More importantly, the fact that The Lego Movie wasn’t nominated for Best Animated Film is nothing short of a crime. Especially since they had to then fill in the gaps with Song of the Sea (huh?) and The Tale of Princess Kaguya (…you made that one up!), not to mention the from-what-I-can-tell mediocre How to Train Your Dragon 2 and the lame The Boxtrolls. My only guess is that the live-action sections disqualified it, in which case…oh, screw you, Academy! Anyway, Big Hero Six had better win or else…well, since you have no credibility left, you’ll sink even further into Minus Land and sooner or later the Gnoolies will get you. So there.
Update: “Fury over the fact that all Oscar nominees are white.” Some people are apparently getting upset over the fact that all the acting nominees this year are white.  
My response: That’s your takeaway!? Not “who even saw these movies, and does anyone give a damn about any of them?”
Okay, first of all, grow the hell up, people! Most of us got over throwing tantrums when we weren’t always included in everything by the time we graduated from kindergarten.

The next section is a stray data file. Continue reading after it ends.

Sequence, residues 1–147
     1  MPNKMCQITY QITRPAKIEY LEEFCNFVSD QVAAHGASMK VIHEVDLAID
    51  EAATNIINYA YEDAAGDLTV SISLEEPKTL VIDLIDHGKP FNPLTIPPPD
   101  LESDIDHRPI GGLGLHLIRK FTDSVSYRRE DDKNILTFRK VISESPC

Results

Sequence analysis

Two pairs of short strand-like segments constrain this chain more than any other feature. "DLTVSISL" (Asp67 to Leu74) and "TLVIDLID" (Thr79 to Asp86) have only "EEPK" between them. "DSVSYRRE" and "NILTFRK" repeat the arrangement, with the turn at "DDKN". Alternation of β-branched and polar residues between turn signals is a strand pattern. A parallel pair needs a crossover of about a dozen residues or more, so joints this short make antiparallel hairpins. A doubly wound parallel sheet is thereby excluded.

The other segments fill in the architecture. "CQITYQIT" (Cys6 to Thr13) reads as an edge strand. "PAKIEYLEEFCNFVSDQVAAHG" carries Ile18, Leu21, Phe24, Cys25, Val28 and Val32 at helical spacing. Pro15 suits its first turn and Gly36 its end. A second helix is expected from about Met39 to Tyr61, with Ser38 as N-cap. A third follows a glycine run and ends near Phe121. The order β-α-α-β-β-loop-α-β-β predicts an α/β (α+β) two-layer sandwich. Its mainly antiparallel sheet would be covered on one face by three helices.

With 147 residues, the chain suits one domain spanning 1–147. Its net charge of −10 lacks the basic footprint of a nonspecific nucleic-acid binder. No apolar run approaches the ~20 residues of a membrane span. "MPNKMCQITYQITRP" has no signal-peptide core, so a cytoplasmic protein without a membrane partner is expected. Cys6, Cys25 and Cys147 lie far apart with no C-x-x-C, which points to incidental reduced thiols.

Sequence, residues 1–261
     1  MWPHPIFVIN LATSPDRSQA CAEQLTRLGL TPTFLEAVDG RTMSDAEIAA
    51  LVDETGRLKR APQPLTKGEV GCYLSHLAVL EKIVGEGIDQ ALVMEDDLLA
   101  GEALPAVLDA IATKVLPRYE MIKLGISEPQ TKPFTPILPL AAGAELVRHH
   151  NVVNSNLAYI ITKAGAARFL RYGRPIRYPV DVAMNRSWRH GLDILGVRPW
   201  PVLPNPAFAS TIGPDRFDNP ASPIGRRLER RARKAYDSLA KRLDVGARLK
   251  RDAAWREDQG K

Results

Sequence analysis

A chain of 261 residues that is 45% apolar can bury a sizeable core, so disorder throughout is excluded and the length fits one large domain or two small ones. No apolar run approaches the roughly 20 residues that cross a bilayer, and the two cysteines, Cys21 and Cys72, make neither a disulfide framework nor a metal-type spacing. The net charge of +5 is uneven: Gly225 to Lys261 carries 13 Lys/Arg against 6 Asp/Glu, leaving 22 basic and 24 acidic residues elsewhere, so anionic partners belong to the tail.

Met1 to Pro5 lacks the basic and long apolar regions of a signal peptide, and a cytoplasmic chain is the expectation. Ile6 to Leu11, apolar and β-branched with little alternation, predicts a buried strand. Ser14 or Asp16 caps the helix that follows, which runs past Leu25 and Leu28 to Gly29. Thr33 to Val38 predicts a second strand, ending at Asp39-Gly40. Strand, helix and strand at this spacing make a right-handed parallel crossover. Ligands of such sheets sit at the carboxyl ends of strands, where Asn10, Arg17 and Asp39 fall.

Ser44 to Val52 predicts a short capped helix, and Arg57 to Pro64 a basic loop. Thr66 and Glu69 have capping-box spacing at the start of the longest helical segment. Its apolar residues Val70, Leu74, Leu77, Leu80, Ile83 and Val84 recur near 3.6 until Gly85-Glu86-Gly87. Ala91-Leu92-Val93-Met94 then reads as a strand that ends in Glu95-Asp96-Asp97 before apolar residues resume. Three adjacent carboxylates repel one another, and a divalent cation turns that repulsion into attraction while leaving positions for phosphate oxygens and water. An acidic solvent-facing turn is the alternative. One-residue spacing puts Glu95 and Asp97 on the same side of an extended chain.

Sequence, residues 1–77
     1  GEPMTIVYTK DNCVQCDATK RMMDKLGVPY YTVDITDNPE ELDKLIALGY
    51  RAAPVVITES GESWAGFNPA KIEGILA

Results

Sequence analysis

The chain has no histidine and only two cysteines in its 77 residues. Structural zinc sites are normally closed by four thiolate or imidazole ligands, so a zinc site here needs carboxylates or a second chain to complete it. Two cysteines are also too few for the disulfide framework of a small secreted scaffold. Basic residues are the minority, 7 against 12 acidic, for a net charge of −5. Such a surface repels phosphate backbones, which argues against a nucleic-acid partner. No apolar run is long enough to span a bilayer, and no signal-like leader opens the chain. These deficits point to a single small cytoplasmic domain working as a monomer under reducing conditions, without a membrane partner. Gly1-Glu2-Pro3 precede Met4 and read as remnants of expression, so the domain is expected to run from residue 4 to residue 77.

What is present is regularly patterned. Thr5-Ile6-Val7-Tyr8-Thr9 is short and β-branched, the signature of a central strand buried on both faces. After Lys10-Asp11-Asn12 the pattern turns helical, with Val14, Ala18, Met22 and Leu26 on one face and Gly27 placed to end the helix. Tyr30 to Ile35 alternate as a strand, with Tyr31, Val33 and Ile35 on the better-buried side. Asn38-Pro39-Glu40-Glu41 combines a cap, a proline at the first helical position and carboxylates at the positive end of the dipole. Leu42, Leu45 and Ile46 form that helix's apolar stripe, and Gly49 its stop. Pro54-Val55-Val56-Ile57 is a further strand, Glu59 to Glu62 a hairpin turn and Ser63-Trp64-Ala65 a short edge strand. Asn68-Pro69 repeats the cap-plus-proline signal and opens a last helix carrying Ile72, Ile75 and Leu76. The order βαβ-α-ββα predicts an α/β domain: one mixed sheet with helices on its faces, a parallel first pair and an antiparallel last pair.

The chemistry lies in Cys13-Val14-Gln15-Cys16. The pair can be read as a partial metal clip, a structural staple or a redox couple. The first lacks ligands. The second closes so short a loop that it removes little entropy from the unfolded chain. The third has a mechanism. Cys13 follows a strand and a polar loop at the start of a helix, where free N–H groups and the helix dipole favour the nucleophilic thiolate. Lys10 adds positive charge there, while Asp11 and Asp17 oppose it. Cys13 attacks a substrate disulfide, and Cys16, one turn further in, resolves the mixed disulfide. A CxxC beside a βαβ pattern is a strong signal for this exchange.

Second, the Oscars are, ostensibly at least, awards for ‘outstanding achievement in different categories of filmmaking.’ Personally (and leaving aside the question of the merits of this year’s nominees), I think giving any award or even a nomination for any consideration other than what you judge to be someone’s actual merit is dishonest, despicable, and grounds for your immediate dismissal from position of judge. Please note that when you throw a fit because the Academy apparently didn’t take anyone’s ethnicity into account in forming their list of nominees, you are in fact getting upset because they did the right thing.
Third, considering that the first Black nominee to win was Hattie McDaniel in 1939, I think we can safely say the period of racial discrimination in the Academy is past.
Fourth, if having an all-white slate of nominees is so rare that you’re making an issue of it (apparently, the last time it happened was two decades ago), it’s probably a sign you shouldn’t be making an issue of it.
And fifth, this is perhaps the lamest line up the Academy has had in years, which is saying a lot. Do you really want to be part of that?

Real Update: The above rant has been diminished by the fact that, since writing it, American Sniper received a wide release, became a big hit, and received a lot of posivitive acclaim from honestly-reasonable sounding sources (the fact that the premier opened with a prayer is also a good sign). So, it looks like we might actually have a decent and popular film up for Best Picture this year. Woo hoo.

No comments:

Post a Comment